Vision quest


What you need to know in order to preserve your precious sight

When I was in fourth grade, the teacher asked us to describe the color green to a blind person. The task was meant to illustrate the importance of creative description. But it proved a far more valuable lesson. It got me thinking about how priceless the gift of sight really is. Without it, a bright blue sky or the brilliant colors of a spectacular sunset would be mere words. And there are certain things even the most creative of descriptions cannot capture.

Sadly, millions of Americans suffer some degree of vision loss due to such common eye diseases as cataracts, glaucoma and macular degeneration. In fact, it's become almost an accepted tenet that our eyesight will deteriorate with age. In spite of the rapid technological advances in eye surgery, your best means of defense against vision loss are still regular eye exams, protective eye wear and, most important, proper nutrition.

"We now know that the risk of eye disease can be reduced by controlling one simple factor in our lives: nutrition," explains Richard Firshein, D.O., in his book The Nutraceutical Revolution (Putman, 1998). "New medical research indicates that specific antioxidants can lower the risk of eye disease and prevent macular degeneration, cataracts and glaucoma."

Macular Degeneration
The leading cause of vision loss in older Americans is macular degeneration. One in four people over 65 and one in three over 80 will suffer from some form of this disease, which damages the macula, the area located along the rear wall of the retina that's responsible for focusing on fine details. "This process slowly and progressively destroys sight in the center of the field of vision," Firshein says.

Some 90 percent of all cases are dry macular degeneration, characterized by the aging and thinning of the macula tissue. This occurs when small, yellowish deposits called drusen accumulate beneath the macula. These deposits gradually break down the light-sensing cells of the macula, causing distorted vision. The second, and much rarer form, wet macular degeneration, results from new blood vessels growing beneath the retina. These vessels leak small amounts of fluid and blood, which eventually causes a blind spot in the center field of vision. Symptoms of the disease most commonly appear in people over 60 but can begin as early as 40. They include blurry vision, the appearance of dark spots or the distortion of straight lines, like words on a page. Age, sun exposure, poor nutrition (which leads to free radical damage), heredity and smoking (both can reduce the amount of antioxidants in the eyes) are all risk factors.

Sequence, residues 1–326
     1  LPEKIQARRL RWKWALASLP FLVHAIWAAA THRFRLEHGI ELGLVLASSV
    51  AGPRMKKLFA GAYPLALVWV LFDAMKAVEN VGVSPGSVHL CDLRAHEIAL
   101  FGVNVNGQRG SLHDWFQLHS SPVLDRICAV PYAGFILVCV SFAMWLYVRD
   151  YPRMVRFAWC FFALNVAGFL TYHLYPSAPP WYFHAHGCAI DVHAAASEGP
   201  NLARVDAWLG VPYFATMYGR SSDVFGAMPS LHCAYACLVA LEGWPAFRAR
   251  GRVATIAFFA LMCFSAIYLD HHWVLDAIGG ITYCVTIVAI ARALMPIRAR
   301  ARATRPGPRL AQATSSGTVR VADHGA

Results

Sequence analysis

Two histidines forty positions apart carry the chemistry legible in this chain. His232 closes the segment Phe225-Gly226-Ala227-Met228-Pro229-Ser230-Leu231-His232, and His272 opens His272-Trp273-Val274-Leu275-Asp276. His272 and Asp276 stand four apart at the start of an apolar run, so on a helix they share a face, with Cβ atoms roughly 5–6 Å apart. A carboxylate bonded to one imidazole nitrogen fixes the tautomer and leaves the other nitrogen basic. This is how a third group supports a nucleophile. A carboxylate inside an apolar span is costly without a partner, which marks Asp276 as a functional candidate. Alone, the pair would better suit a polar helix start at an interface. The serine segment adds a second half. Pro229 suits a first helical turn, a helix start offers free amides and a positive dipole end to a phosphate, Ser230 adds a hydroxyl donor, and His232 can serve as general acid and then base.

"Anything that prevents clogging of your arteries may help to prevent macular degeneration," states Jeffrey Anshel, a California-based optometrist and author of Smart Medicine for Your Eyes (Avery, 1999). "Watching your dietary fat and cholesterol, exercising regularly, not smoking and watching your weight and blood pressure are wise moves."

By the time we reach our mid-70s, cataracts are often a fact of life. An average of 1.3 million cataract surgeries are performed annually, making it the most common surgery in the United States. Cataracts are characterized by a cloudy spot that forms over the eye lens, which prevents light from passing through and reaching the retina. "What clouds the eye lens is the damage from oxidation, a biochemical process set in motion when a highly reactive form of oxygen changes within our cells," says James Duke, Ph.D., author of The Green Pharmacy (Rodale, 1997). Studies have shown that the condition develops earlier among diabetics, smokers and those who take diuretics, steroids or tranquilizers. Living at high altitudes or spending a lot of time in the sun can also lead to an earlier onset of cataracts.